Marley’s Ghost in Residence at the 2007 Port Townsend Slide and Steel Festival

The entire band Marley's Ghost will be in residence at the Port Townsend Slide and Steel Festival. Marleys_ghost_4 Individually, they'll be teaching, jamming, telling stories, and giving performances. And on Saturday, June 30, at 1:30 pm, they'll perform together in a mainstage show at McCurdy Pavilion. You can listen to clips of their music here.

Consisting of Dan Wheetman (vocals, bass, rhythm guitar, fiddle, harmonica, banjo, dobro, and lap steel), a former John Denver Band member and songwriter for Kermit the Frog; Jon Wilcox (vocals, mandolin, rhythm guitar, guitar, and bouzouki) who has toured internationally as a singer-songwriter and interpreter of traditional American and British music; Mike Phelan (vocals, lead guitars, fiddle, dobro, bass, lap steel), who records and performs in many styles, including bluegrass, rock, folk and blues; Ed Littlefield Jr. (vocals, pedal steel guitar, highland bagpipes, keyboards, mandolin, dobro, lead guitar), a product of the northern California folk scene who relocated to Washington state in the early 1970s; and Jerry Fletcher (vocals, drums, percussion, keyboards, arranger), who has been in the music business for over 30 years, working with John Denver, Steve Martin, Jimmy Rodgers, among others; Marley’s Ghost has built a singular reputation among discerning roots-music lovers for its instrumental virtuosity, ultra-tight four-part harmonies and animated live performances.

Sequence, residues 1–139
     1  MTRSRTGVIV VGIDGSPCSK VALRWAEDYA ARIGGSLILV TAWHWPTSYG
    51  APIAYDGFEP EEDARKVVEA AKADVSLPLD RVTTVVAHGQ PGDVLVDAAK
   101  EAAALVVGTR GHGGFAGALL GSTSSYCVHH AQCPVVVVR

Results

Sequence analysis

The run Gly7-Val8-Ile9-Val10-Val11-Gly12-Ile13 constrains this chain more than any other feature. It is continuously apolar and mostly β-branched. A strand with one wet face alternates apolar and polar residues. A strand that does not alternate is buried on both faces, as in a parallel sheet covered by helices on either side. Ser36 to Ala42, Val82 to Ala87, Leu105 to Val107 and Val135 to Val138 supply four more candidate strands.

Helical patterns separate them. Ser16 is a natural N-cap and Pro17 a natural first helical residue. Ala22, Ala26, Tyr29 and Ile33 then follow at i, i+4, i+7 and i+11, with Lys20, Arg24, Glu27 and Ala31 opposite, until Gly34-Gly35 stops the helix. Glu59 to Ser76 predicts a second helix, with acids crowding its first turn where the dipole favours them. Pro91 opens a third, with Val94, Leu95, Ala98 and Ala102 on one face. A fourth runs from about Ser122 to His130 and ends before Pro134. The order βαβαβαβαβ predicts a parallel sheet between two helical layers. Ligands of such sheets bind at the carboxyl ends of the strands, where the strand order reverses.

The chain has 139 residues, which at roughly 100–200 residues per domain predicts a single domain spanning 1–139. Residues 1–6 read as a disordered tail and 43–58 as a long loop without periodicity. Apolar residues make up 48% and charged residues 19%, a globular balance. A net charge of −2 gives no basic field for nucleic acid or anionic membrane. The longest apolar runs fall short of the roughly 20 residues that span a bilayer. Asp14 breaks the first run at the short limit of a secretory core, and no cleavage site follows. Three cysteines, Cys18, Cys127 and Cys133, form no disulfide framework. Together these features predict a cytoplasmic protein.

Marleys_ghost_spooked Producer and musician Van Dyke Parks describing the setting for Marley's ghost recent release, Spooked, in the following way: “Sage Arts Studio is…on the banks of an unpronounceable river in the state of Washington," he said. "We could see eagles with salmon in their talons, flying over the riverbanks. It’s a rustic setting for a studio that is a combination of thoroughly modern stuff and everything of value from the golden age of analog recording." The driving principle of Spooked, Parks said, “was to reverence the form in this music, and find its strength, and at the same time kind of skewer it.”